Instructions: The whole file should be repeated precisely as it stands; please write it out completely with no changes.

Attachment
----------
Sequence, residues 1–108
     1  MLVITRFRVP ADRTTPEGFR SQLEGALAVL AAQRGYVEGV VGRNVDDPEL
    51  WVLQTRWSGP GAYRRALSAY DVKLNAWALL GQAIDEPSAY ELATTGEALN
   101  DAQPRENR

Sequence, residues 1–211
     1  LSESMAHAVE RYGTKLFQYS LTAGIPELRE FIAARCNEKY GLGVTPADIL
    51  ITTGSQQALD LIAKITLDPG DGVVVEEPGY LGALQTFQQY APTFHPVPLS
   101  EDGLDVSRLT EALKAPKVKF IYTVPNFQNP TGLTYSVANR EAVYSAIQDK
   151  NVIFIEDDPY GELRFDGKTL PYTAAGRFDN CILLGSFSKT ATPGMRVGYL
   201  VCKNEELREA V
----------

Sequence, residues 1–108
     1  MLVITRFRVP ADRTTPEGFR SQLEGALAVL AAQRGYVEGV VGRNVDDPEL
    51  WVLQTRWSGP GAYRRALSAY DVKLNAWALL GQAIDEPSAY ELATTGEALN
   101  DAQPRENR

Sequence, residues 1–211
     1  LSESMAHAVE RYGTKLFQYS LTAGIPELRE FIAARCNEKY GLGVTPADIL
    51  ITTGSQQALD LIAKITLDPG DGVVVEEPGY LGALQTFQQY APTFHPVPLS
   101  EDGLDVSRLT EALKAPKVKF IYTVPNFQNP TGLTYSVANR EAVYSAIQDK
   151  NVIFIEDDPY GELRFDGKTL PYTAAGRFDN CILLGSFSKT ATPGMRVGYL
   201  VCKNEELREA V